Whether by accident or design, most books sit comfortably in an obvious genre class. But this book rather playfully blurs the line between science fiction and urban fantasy. Let’s put the question of creationism to one side and focus on the “as is”. We have two parallel dimensions, one populated predominantly by humans, the other by incubi. But there are portals or doorways which enable beings to pass from one dimension to the other (there’s a feature not unlike the Bajoran wormhole phenomenon in Star Trek: Deep Space Nine connected with these doorways). Mostly due to the humans, a considerable amount of science has been devoted to researching the Maelstrom itself and the systems enabling different features to manifest. This has led to the development of real technology to exploit Maelstrom energy as weapons and otherwise to exploit the way in which incubi can manipulate dimensional space. The older incubi were initially not interested in science and so were, with one exception, marginalised. This book sees the self-proclaimed Lords of Misrule showing off the results of some of their more recent research. That said, the plot itself largely conforms to the urban fantasy model. Young girl with supernatural clown buddy have the job of keeping the city of Chicago safe from incubi (that’s demons if you want it in more obvious fantasy terms). They face a number of threats, are thought less than effective, and are replaced by more senior operatives. This leads to our duo teaming up with a young man and his pet dog to take on all-comers. There’s the whiff of romance in the air, and lots of fighting with none of the “good guys” seriously threatened. Indeed, one of the problems with this plot is the ease with which the incubi repair their bodies and avoid what should be certain death. It leads to a certain lack of suspense as they get into trouble and escape with only a scratch that’s healing rapidly as they walk away. Even though a human, Audra is feisty and also manages not to be too serious injured — it’s a gift most heroines enjoy in a series where romance is in the air.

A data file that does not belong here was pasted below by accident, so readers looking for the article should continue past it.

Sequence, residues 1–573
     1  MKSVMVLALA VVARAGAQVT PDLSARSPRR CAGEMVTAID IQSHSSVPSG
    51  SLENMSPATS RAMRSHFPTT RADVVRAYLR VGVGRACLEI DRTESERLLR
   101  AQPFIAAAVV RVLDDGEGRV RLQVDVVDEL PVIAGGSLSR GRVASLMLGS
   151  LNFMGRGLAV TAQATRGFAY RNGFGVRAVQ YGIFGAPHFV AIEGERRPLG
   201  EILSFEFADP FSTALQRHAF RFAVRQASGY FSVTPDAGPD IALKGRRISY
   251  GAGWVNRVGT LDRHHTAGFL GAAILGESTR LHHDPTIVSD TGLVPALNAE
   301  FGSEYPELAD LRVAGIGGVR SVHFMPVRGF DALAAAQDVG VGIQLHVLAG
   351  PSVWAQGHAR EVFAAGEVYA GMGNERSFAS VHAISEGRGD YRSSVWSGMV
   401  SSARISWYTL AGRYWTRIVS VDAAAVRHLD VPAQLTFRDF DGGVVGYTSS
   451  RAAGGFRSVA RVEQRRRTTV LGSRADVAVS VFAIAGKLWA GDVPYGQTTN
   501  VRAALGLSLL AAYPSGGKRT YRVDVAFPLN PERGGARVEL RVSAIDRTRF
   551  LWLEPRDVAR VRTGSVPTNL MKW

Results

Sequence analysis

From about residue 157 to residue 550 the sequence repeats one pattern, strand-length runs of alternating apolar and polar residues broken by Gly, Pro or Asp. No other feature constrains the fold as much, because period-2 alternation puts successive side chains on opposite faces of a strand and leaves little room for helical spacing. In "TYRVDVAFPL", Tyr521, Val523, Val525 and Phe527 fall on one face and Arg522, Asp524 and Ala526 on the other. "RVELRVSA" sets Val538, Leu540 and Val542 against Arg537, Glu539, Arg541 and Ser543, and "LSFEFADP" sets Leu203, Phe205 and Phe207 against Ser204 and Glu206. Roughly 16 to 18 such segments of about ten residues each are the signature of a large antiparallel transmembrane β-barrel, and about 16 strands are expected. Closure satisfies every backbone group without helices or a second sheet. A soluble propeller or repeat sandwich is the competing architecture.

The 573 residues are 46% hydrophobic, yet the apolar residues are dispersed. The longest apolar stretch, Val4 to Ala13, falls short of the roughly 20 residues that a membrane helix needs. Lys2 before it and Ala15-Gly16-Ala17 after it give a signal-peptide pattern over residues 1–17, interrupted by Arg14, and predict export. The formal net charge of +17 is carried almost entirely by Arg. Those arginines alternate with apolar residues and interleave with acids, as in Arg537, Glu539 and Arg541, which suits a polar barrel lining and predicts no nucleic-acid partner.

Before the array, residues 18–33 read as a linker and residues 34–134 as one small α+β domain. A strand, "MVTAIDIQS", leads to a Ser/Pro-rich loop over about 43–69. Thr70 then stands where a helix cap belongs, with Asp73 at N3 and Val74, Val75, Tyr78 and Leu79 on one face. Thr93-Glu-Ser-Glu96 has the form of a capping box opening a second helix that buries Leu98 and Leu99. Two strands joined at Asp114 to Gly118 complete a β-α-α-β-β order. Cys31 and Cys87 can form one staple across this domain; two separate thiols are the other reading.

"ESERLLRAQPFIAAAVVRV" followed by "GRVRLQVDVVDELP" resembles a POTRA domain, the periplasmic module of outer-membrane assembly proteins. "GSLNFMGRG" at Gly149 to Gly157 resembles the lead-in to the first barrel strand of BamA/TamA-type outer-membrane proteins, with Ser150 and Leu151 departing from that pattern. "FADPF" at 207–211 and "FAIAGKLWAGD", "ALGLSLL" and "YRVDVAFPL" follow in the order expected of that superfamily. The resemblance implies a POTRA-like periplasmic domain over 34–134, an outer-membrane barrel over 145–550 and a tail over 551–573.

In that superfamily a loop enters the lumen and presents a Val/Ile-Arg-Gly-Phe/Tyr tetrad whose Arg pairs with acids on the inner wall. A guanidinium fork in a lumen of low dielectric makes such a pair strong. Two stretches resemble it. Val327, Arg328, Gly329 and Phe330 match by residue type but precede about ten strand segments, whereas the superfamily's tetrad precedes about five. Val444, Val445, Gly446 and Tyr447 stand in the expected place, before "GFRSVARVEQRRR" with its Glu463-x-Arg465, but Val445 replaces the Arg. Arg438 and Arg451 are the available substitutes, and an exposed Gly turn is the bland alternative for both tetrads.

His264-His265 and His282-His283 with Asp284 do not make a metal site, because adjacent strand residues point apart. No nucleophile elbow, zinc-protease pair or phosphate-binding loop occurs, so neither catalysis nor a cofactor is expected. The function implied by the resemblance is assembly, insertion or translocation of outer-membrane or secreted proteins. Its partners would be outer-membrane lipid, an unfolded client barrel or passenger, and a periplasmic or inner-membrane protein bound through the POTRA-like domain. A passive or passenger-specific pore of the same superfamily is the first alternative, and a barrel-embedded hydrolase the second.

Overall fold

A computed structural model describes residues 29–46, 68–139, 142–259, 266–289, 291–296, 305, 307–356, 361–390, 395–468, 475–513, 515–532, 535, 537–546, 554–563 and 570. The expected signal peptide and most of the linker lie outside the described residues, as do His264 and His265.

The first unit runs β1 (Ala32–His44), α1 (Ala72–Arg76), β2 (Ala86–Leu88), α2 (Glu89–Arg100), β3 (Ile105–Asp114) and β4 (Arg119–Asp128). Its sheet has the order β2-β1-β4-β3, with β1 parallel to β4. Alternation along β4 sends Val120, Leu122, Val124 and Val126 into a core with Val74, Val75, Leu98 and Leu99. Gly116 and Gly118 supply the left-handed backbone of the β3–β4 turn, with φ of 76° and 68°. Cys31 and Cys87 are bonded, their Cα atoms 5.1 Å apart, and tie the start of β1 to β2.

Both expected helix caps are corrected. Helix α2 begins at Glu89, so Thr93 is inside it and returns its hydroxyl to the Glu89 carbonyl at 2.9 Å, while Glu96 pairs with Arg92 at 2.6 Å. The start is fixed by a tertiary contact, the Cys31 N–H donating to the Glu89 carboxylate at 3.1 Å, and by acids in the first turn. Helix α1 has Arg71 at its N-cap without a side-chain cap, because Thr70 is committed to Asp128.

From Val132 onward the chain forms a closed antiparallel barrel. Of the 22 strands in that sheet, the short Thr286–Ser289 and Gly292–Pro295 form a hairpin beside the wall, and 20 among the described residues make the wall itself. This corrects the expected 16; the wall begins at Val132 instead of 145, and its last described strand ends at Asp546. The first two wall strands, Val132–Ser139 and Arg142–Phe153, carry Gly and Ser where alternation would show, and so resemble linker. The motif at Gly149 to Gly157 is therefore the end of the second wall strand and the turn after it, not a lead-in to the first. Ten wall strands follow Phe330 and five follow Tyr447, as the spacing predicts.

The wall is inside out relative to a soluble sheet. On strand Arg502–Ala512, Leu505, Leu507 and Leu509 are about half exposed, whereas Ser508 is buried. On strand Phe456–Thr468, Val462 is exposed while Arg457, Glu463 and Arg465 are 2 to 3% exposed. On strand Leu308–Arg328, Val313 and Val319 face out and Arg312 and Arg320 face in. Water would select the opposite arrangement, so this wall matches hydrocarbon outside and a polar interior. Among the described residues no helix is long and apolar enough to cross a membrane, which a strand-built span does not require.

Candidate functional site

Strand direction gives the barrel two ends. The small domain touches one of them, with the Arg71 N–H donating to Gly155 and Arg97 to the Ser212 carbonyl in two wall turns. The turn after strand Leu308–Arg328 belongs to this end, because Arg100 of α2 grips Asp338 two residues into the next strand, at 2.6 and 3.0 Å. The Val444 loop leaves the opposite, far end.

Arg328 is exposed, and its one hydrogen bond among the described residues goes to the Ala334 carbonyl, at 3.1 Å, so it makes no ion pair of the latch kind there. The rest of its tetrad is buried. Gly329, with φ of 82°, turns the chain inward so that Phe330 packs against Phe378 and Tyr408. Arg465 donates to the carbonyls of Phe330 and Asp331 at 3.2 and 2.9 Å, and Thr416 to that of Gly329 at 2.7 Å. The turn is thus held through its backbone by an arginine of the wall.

Put all this together and you have a very professional package based on an interesting idea. Anyone who wants to see a slightly different version of urban fantasy will find this highly readable. For them as likes this type of book, Night Terrors is a very good buy.

For a review of another book by Tim Waggoner, see The Last Mile.

A copy of this book was sent to me for review.

Night Terrors by Dennis Palumbo

Night terrors